Four found guilty at Tonga ferry disaster trial
A court in Tonga has convicted four men of manslaughter in connection with the sinking of a ferry in bad weather in 2009, killing 74 people, reports say.
The ferry's captain and first mate, the shipping company's managing director, and a civil servant, were found guilty of the manslaughter by negligence of Vae Fetu'u Taufa, a 21-year-old mother.
They face up to 10 years in prison.
It was Tonga's biggest criminal trial, and followed an official inquiry that found the ferry was not seaworthy.
The Princess Ashika went down during a storm in deep water off the main island of Tongatapu on the night of 5 August 2009.
Most of the 74 passengers were asleep below decks at the time. Ms Taufa was the sole Tongan passenger whose body was recovered.
'Systemic and individual failures'
A royal commission inquiry into the sinking found the ferry was declared unseaworthy in 1985 and was never supposed to sail in deep water.
Nevertheless, the government-owned operator, the Shipping Corporation of Polynesia (SCP) bought the vessel from a Fijian firm in 2009.
The SCP's managing director, John Jonesse - a New Zealander who was one of the defendants - advised that the ferry be purchased "without any proper due diligence, surveys, inspections, valuations, documentation or proper inquiry having been completed", the commission found.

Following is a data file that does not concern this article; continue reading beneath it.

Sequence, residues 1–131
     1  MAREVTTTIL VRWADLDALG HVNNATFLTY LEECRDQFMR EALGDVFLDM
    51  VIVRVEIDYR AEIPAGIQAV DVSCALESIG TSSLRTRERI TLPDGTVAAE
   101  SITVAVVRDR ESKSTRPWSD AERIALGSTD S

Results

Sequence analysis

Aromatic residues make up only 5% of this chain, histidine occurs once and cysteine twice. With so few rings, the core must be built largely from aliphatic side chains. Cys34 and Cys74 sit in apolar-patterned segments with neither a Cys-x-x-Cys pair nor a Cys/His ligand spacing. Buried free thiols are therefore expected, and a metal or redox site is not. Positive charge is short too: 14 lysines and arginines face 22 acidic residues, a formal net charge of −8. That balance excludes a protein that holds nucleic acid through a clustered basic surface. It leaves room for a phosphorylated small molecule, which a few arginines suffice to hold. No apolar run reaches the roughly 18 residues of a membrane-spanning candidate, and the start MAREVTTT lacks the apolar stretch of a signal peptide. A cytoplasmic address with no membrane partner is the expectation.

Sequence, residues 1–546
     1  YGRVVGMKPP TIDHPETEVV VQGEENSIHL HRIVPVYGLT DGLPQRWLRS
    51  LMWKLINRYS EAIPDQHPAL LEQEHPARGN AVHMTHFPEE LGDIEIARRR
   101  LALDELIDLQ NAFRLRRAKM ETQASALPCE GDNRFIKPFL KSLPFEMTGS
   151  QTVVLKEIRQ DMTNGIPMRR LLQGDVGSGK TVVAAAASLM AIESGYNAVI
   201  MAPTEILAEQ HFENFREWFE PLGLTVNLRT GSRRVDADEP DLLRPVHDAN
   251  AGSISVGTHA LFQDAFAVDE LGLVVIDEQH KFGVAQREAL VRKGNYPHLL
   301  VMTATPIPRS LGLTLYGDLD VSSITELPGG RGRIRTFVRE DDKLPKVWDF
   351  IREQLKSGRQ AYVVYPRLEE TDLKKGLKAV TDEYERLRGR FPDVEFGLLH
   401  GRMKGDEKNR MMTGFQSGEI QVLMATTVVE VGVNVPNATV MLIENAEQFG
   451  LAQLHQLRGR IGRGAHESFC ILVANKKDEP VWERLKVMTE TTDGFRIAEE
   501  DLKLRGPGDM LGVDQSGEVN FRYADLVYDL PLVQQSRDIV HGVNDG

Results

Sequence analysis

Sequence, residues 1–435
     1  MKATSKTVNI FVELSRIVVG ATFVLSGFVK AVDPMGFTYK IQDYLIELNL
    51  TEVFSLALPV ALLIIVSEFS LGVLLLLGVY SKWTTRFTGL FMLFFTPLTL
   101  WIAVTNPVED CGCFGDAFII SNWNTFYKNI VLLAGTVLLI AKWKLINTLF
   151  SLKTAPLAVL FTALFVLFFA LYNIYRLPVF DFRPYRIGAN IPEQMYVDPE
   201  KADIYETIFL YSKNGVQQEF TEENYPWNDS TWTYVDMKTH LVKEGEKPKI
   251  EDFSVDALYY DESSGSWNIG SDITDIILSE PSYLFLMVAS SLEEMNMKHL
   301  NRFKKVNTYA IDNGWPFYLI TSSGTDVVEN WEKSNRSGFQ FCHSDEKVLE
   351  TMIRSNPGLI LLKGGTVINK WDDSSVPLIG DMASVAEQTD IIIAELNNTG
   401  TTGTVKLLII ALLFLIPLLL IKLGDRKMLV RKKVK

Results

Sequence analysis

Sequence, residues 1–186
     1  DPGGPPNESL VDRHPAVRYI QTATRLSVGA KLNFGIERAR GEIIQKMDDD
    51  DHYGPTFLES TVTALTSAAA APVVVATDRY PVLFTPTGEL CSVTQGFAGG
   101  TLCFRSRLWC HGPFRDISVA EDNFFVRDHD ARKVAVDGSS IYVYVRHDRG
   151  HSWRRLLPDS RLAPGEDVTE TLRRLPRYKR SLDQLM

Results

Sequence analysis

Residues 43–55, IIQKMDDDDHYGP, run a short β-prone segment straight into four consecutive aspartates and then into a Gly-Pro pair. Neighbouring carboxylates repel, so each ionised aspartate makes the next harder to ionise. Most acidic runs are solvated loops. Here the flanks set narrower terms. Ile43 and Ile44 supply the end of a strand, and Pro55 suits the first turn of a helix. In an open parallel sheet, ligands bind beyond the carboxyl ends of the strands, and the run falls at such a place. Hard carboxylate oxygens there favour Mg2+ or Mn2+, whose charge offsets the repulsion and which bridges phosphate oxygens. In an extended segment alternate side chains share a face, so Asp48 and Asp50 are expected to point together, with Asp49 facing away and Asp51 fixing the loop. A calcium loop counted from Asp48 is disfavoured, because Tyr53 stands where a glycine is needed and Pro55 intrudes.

And despite the ship springing leaks during previous voyages, the captain Viliami Makahokovalu Tuputupu, went ahead with the fateful journey, it was alleged.
The disaster "was a result of systemic and individual failures", the inquiry concluded.
"The tragedy is that they were all easily preventable and the deaths were completely senseless."
The two other defendants convicted on Friday were the Princess Ashika's first mate, Semisi Pomale, and the acting director of the Tongan marine and ports department, Viliami Tu'ipulotu.
They have been remanded in custody for sentencing on 4 April.
The SCP also faced a range of charges relating to responsibility for the seaworthiness of the ferry, and was found guilty by the same jury.